This is an interview with Small Improvement’s software developer Jesper Oskarsson about how the development team works together, what the tech stack looks like, and how big feature releases are tackled. If you want to read on, you find another developer interview here.
Hey Jesper! You recently had your 5-year anniversary at Small Improvements, so congratulations again. Could you briefly summarize your professional journey?
Thanks! Yeah, time flies… I’ve basically been programming most of my life now. I got interested in game development when I was a teenager, because I used to play a lot of video games and was fascinated by computers. After school, I studied software engineering with focus on game development. Before joining Small Improvements in 2017, I worked as freelance mobile developer for a couple of years.
Do you have a specific technological focus at SI?
I probably work more in the backend than in the frontend, but like everyone else in the dev team, I write code for the entire stack. Together with one of my teammates, I’m also responsible for overseeing security-related aspects of our application.
Can you tell us more about this security work?
Security is an important topic for us, because we handle sensitive personal data from our customers. Even though our security setup and mechanisms are pretty solid in general, there are always things to update and improve. For example, we have a HackerOne program, where ethical “white-hat hackers” try to uncover potential issues in our application. They report them to us, so that we can fix them, and in return they get a financial reward from us. Another example is a penetration test and security audit, which was conducted by external security researchers last year.
How much time do you spend with security-related tasks every week?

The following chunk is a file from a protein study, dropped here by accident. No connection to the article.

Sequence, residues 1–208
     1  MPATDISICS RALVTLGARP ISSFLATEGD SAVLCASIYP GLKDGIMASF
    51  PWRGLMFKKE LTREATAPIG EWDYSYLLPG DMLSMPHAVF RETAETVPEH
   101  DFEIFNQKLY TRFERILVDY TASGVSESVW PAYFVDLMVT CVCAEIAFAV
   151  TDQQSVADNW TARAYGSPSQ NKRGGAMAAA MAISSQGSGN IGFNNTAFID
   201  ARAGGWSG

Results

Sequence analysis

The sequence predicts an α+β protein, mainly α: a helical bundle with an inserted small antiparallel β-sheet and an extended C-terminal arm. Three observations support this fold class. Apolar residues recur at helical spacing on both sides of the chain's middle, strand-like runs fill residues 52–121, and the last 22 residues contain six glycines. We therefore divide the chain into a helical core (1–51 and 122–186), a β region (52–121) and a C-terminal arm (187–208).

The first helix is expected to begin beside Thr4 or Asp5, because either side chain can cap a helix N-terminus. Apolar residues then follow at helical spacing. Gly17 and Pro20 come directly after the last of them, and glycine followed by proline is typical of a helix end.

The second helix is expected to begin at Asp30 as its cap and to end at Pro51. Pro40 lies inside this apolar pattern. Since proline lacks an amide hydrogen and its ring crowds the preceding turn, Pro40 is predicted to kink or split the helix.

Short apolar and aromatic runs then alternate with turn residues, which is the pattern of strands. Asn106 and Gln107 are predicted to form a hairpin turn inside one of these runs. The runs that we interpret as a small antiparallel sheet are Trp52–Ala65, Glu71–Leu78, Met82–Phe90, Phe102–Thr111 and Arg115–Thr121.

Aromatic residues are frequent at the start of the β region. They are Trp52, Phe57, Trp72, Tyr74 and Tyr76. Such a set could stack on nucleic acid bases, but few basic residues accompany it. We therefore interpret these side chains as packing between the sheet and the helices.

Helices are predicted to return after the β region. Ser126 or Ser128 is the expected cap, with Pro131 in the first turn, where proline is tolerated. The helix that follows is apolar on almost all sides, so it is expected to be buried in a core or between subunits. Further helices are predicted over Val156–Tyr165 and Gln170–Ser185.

The workload depends of course, but it’s typically a few hours per week. I also don’t have to fix all bugs myself, by the way (laughs): we treat them as regular sprint tickets, which can be picked up by any developer. Our general philosophy is that responsibilities should be divided equally across the team: so certain people drive specific topics they are passionate or knowledgeable about, but at the same time, we want to avoid building up silos. It’s important for us that every developer stays in touch with all technical aspects of the application.
What programming languages and technologies does the app consist of?
We have a single-page-application in the frontend, which is connected to a monolithic JSON API in the backend. The frontend is mainly ReactJS, but there is also some older AngularJS code from the early days. The backend is implemented in Java using the Spring framework. It runs on Google App Engine in data centers in the US and EU. We are using Google Firestore as our main database, which is a document store, and then also some miscellaneous cloud services, such as task queues, or a secondary storage for our data warehouse.
What do you think about this tech stack?
Well, the grass on the other side of the fence always looks greener, doesn’t it? (laughs) But all jokes aside: I’m actually pretty happy with it. At the end of the day, our customers don’t pay us for what frameworks or programming languages we use. Instead, it’s important for them that the app works reliably and that it solves their business requirements. We have a content and stable customer base, so it seems like we made some good technical decisions.
Can you give an example of what works well and what doesn’t?
A good example is App Engine, which is Google’s managed cloud infrastructure that we use for hosting. The advantage is that we don’t have to bother with operational duties like scaling or database replication, because this is all taken care of by Google. The time that we save that way, we can invest into developing new features. On the other hand, App Engine has some limitations, so it’s sometimes annoying that we have to deal with or work around certain restrictions. I still think that the positive aspects outweigh the negative ones, though: when I look back at the last years, we only had a handful of minor incidents, even though we deploy multiple times per week. All in all, I would say that our infrastructure “just works” for the most part.
How does the team go about introducing new technologies?